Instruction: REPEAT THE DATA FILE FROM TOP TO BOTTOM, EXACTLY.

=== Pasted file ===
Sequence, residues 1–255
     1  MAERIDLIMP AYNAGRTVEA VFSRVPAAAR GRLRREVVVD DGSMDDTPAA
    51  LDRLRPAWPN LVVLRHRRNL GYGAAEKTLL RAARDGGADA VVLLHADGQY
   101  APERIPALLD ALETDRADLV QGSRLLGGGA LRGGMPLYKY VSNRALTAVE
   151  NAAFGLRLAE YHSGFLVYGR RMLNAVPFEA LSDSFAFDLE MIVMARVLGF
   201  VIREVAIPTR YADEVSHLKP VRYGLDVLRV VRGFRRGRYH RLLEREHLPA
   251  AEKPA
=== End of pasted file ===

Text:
Sequence, residues 1–255
     1  MAERIDLIMP AYNAGRTVEA VFSRVPAAAR GRLRREVVVD DGSMDDTPAA
    51  LDRLRPAWPN LVVLRHRRNL GYGAAEKTLL RAARDGGADA VVLLHADGQY
   101  APERIPALLD ALETDRADLV QGSRLLGGGA LRGGMPLYKY VSNRALTAVE
   151  NAAFGLRLAE YHSGFLVYGR RMLNAVPFEA LSDSFAFDLE MIVMARVLGF
   201  VIREVAIPTR YADEVSHLKP VRYGLDVLRV VRGFRRGRYH RLLEREHLPA
   251  AEKPA